An Etymological Dictionary of Astronomy and Astrophysics
English-French-Persian

فرهنگ ریشه شناختی اخترشناسی-اخترفیزیک

M. Heydari-Malayeri    -    Paris Observatory

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Number of Results: 1026
period derivative
  واخنه‌ی ِ دوره   
vâxane-ye dowré

Fr.: dérivée de la période   

The rate at which the rotation period of a → pulsar changes over time. This quantity, dP/dT, can range from as small as 0.05 picoseconds per year (1.5 x 10-21 seconds per second) to as large as about 10 milliseconds per year (4.2 x 10-10 seconds per second). For the → Crab pulsar, the period derivative is 4.2 x 10-13 s s-1, implying a decrease in the star's → rotation energy of about 4.5 x 1038 erg s-1. Period derivative is a very important parameter for the determination of the pulsar age.

period; → derivative.

period-luminosity relation
  باز‌آنش ِ دوره-تابندگی   
bâzâneš-e dowré-tâbandegi

Fr.: relation période-luminosité   

A → correlation between the periods and luminosities of → Cepheid variable stars: Cepheids with longer periods are intrinsically more luminous than those with shorter periods. The relation was discovered by Henrietta Leavitt in 1912 when studying Cepheids in the → Small Magellanic Cloud. Once the period of a Cepheid variable is determined from observations, the period-luminosity relation can be used to derive its luminosity. Since luminosity is a function of → distance, the distance can then be calculated with the luminosity. The period-luminosity relation is an invaluable tool for the measurements of distances out to the nearest galaxies and thus for studying the structure of our own Galaxy and of the Universe.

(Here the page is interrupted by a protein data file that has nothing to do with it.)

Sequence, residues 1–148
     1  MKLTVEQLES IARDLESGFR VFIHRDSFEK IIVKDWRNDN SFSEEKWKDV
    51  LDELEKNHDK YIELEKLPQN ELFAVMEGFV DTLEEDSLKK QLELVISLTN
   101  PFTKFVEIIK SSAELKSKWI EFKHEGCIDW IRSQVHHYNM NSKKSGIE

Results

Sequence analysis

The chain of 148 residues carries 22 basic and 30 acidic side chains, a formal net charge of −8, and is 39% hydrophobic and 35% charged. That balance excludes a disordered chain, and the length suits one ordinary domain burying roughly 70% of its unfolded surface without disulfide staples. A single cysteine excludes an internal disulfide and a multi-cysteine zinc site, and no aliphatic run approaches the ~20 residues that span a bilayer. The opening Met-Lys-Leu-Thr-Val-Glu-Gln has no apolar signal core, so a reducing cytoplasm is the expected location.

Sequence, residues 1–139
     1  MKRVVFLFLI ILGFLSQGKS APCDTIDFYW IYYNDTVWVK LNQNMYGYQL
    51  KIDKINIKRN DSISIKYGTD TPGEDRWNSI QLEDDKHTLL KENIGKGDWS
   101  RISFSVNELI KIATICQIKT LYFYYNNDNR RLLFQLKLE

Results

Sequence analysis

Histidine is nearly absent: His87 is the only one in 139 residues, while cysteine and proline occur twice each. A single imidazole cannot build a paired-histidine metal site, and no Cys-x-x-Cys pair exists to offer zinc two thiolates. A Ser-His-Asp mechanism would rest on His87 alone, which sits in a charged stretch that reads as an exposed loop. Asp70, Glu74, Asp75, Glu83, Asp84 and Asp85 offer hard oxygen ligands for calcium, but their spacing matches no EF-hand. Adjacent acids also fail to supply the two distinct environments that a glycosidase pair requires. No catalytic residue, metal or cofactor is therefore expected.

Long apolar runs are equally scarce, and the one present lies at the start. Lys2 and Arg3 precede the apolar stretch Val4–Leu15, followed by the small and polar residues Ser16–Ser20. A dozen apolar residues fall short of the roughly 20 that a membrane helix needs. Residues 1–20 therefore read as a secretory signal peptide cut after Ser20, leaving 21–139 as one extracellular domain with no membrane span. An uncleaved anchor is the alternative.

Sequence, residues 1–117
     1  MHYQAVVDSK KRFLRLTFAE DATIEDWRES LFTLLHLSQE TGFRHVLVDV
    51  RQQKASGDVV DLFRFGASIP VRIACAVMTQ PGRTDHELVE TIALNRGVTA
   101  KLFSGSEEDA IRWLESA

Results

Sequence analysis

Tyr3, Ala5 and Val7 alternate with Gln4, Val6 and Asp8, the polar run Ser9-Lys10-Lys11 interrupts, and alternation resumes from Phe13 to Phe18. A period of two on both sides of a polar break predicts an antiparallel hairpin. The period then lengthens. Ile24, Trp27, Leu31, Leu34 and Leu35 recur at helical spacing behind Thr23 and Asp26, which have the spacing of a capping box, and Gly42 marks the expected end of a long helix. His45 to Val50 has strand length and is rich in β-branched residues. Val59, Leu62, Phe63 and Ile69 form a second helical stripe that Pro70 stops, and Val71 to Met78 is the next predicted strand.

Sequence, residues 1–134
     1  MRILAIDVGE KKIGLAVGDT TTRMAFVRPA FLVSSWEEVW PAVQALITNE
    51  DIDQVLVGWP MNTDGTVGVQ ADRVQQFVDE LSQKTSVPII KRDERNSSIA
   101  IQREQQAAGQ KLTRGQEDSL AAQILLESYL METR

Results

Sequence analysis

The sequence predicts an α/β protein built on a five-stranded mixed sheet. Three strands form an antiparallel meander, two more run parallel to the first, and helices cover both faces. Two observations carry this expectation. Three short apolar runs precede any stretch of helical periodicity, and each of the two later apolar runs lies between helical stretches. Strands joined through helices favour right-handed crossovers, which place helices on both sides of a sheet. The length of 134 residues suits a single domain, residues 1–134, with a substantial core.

period; → luminosity; → relation.

period-mean density relation
  باز‌آنش ِ دوره-چگالی ِ میانگین   
bâzâneš-e dowré-cagâli-ye miyângin

Fr.: relation période-densité moyenne   

A relation that gives a rough estimate of the oscillation period of a → pulsating star as a function of its mean density. This relation is obtained by considering how long it would take a sound wave to travel across the diameter of a model star: Π ≅ (3π/2γGρ)1/2, where ρ is the mean density, γ the ratio of → specific heats (Cp/Cv), and G the → gravitational constant. This relation shows that the pulsation period of a star is inversely proportional to the square root of its mean density. And this is the reason why the pulsation periods decrease along the → instability strip from the luminous, very tenuous → supergiants to the faint, very dense → white dwarfs.

period; → mean; → density; → relation.

periodic
  دوره‌ای   
dowreyi (#)

Fr.: périodique   

Recurring at regular intervals of time.

Adjective of → period.

periodic comet